Rubin visited the plant to assure the 600 workers that Fanatics intends to keep the facility open.
Ruby Tuesday sees positive results
Sales at Ruby Tuesday Inc. are dropping, but a redesign of the company's Jacksonville restaurants is showing some positive results.
Ruby Tuesday on Thursday reported same-restaurant sales (sales at locations open for more than one year) dropped 4 percent in the third quarter ended Feb. 28, and the company recorded an adjusted net loss of $3.8 million, or 6 cents a share, for the quarter.
Also during the quarter, the company completed the remodel of six restaurants in Jacksonville and seven in Charlotte to reflect its “Fresh Start” initiative.
That initiative includes a revamped menu as well as restaurant remodels.
“While it is still early, collectively, we have seen a mid-single digit lift in same restaurant sales at affected locations. We expect this trend to improve over time as more guests experience the revitalized Ruby Tuesday brand, including all elements of the Fresh Start initiatives,” interim CEO Lane Cardwell said in the company's conference call.
Thursday was actually Cardwell's last day on the job. Ruby Tuesday that day brought in James Hyatt, former CEO of Church's Chicken, as its new CEO.
Although the early results from Jacksonville and Charlotte are promising, Cardwell said Ruby Tuesday will be cautious about its next step.
“Our remodeling program remains on a temporary hold, as we review strategic alternatives and assess the results of these two test markets,” he said.
Ruby Tuesday, which operates 607 restaurants in 41 states and foreign countries, said last month it is exploring strategic alternatives which could include a sale of the company.
Danone cleared for WhiteWave deal
French yogurt-maker Danone received U.S. Department of Justice approval to buy The WhiteWave Foods Co. last week by agreeing to divest one of Danone's U.S. dairy subsidiaries, Stonyfield.
Danone said the divestiture does not impact the strategic or financial benefits of its $12.5 billion acquisition of WhiteWave.
Denver-based WhiteWave produces plant-based foods and beverages.
It operates three plants in Europe and 11 in the U.S., including a Jacksonville manufacturing plant at 2198 W. Beaver St. that employs about 100 people.
Duos revenue up in fourth quarter
Duos Technologies Group Inc. said 2016 revenue fell 10 percent to $6.1 million, due to cancellation of a $2.4 million project caused by the withdrawal of government funding.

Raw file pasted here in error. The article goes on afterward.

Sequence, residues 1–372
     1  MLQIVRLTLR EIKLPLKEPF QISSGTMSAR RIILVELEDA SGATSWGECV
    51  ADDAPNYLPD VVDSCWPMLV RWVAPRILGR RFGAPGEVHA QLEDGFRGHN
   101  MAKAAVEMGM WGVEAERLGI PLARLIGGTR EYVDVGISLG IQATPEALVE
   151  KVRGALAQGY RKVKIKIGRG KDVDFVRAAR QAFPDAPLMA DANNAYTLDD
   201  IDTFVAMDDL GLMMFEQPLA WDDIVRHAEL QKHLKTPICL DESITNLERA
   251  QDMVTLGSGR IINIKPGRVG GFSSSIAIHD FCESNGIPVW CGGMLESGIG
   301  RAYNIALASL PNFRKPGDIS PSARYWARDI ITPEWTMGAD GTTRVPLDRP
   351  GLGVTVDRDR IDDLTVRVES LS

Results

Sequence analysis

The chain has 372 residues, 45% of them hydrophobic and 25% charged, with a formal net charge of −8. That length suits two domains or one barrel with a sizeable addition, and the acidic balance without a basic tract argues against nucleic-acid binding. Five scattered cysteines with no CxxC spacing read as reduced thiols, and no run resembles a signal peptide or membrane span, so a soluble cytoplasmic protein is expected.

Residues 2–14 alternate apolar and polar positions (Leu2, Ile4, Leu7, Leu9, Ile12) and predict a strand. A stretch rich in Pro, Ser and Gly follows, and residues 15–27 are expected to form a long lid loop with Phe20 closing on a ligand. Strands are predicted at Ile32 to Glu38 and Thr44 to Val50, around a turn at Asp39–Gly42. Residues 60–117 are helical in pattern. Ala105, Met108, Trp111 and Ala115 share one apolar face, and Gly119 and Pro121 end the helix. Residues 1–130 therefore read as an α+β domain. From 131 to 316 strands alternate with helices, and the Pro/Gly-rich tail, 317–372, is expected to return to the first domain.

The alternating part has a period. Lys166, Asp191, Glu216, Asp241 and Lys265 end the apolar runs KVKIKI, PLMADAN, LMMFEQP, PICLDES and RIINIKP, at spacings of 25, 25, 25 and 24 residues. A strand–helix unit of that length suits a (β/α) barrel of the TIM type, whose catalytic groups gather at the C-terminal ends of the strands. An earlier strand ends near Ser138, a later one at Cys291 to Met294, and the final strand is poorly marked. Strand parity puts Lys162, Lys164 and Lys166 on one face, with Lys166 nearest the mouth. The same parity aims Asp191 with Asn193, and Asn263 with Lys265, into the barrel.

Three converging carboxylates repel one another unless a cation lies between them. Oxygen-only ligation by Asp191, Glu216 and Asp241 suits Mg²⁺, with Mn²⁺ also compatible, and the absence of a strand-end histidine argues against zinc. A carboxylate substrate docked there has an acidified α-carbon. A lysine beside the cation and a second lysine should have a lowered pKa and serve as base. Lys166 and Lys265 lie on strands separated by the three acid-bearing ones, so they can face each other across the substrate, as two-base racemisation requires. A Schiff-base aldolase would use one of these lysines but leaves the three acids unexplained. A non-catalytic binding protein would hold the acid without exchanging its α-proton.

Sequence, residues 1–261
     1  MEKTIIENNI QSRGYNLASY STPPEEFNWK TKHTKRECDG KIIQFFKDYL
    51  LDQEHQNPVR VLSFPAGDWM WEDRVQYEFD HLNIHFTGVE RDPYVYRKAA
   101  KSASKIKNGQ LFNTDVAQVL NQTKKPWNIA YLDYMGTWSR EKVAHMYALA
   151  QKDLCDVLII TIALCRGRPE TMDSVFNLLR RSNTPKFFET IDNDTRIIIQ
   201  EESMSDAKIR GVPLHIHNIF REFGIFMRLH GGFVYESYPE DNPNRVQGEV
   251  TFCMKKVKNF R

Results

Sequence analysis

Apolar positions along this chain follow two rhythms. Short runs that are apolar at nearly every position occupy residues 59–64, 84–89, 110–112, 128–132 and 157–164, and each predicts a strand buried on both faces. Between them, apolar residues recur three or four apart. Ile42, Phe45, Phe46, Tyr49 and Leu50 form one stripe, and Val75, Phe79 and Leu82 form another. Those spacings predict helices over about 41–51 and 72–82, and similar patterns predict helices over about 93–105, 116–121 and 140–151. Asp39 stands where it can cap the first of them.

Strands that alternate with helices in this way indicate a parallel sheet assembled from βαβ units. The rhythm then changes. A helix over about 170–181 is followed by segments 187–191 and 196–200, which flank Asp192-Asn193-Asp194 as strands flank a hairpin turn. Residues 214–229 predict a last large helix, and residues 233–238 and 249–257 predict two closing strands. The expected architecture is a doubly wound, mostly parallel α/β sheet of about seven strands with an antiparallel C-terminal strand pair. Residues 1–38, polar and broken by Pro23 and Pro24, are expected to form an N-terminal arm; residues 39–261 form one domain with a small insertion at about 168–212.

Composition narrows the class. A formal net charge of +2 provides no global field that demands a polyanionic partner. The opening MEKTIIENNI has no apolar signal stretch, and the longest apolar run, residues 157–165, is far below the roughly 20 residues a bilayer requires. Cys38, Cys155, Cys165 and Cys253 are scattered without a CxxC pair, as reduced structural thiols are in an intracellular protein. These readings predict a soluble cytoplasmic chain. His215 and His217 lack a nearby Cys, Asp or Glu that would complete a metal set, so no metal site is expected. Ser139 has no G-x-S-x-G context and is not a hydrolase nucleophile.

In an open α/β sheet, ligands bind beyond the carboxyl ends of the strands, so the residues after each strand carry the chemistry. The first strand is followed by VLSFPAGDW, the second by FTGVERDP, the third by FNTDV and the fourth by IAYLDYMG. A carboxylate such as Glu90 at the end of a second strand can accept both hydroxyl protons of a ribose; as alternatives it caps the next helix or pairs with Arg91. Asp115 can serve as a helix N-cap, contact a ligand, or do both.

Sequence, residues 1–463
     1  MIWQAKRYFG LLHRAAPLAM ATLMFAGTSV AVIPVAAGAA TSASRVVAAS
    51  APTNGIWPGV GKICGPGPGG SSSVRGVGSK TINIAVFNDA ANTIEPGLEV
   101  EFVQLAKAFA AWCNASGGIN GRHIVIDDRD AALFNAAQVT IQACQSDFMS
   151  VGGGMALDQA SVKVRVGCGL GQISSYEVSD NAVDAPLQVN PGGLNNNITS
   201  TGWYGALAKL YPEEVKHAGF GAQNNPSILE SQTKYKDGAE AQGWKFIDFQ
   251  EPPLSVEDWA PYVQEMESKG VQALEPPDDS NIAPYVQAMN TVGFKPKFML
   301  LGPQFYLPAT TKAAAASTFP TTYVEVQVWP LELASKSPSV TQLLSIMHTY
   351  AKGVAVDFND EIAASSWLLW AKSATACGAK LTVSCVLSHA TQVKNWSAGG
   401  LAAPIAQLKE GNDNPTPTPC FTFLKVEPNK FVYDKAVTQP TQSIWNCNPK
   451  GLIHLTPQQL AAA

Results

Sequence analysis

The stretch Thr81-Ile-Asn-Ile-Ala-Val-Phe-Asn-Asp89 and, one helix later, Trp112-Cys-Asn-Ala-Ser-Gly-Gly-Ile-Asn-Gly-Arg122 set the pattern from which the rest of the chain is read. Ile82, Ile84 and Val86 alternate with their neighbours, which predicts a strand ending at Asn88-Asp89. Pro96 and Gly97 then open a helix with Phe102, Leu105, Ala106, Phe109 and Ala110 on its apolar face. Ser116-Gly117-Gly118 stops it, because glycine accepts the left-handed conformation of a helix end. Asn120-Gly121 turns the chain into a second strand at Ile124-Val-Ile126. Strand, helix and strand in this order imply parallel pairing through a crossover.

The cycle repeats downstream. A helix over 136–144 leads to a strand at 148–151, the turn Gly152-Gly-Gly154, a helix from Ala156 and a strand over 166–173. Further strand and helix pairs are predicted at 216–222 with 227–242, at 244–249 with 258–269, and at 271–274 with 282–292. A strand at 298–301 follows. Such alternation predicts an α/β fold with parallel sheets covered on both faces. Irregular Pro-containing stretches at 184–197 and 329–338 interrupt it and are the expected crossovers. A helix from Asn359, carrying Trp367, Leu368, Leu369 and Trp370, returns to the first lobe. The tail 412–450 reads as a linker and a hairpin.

However, Jacksonville-based Duos, which provides intelligent security analytical technology, said fourth-quarter revenue rose 15 percent to $2.1 million.
“We finished the year strong as evident by the revenue growth in the fourth quarter,” CEO Gianni Arcaini said in a news release.
“Our team has been successful in refining and improving our security and analytical technologies to address much needed demand of such solutions in the marketplace. We are well positioned to enter the next phase of evolution as we prepare to uplist our common stock to a national exchange,” he said.
Duos' stock currently trades on the OTC Markets Group but the company is seeking a listing on the Nasdaq Capital Market.
Duos reported a net loss of $2.6 million, or 4 cents a share, for 2016.
International Speedway earnings rise
International Speedway Corp. last week reported higher earnings for the first quarter ended Feb. 28, as improvements to its signature Daytona International Speedway led to higher revenue surrounding the Daytona 500 NASCAR race.
Adjusted earnings of 47 cents a share were 3 cents higher than the first quarter of fiscal 2016, and revenue rose 3.8 percent to $148 million.
Daytona Beach-based International Speedway is spending $400 million to upgrade the raceway and is also working on a major mixed-use development across the street from the track called One Daytona.
One Daytona will have up to 1.4 million square feet of retail, dining and entertainment space, as well as a hotel, 1,350 residential units and more than 1 million square feet of office and commercial space.
In a news release, International Speedway CEO Lesa France Kennedy said the higher first-quarter results “demonstrate the sustained value generated by our investment in Daytona International Speedway.”
Besides the Daytona Beach facility, International Speedway owns or operates 12 other motorsports facilities across the U.S.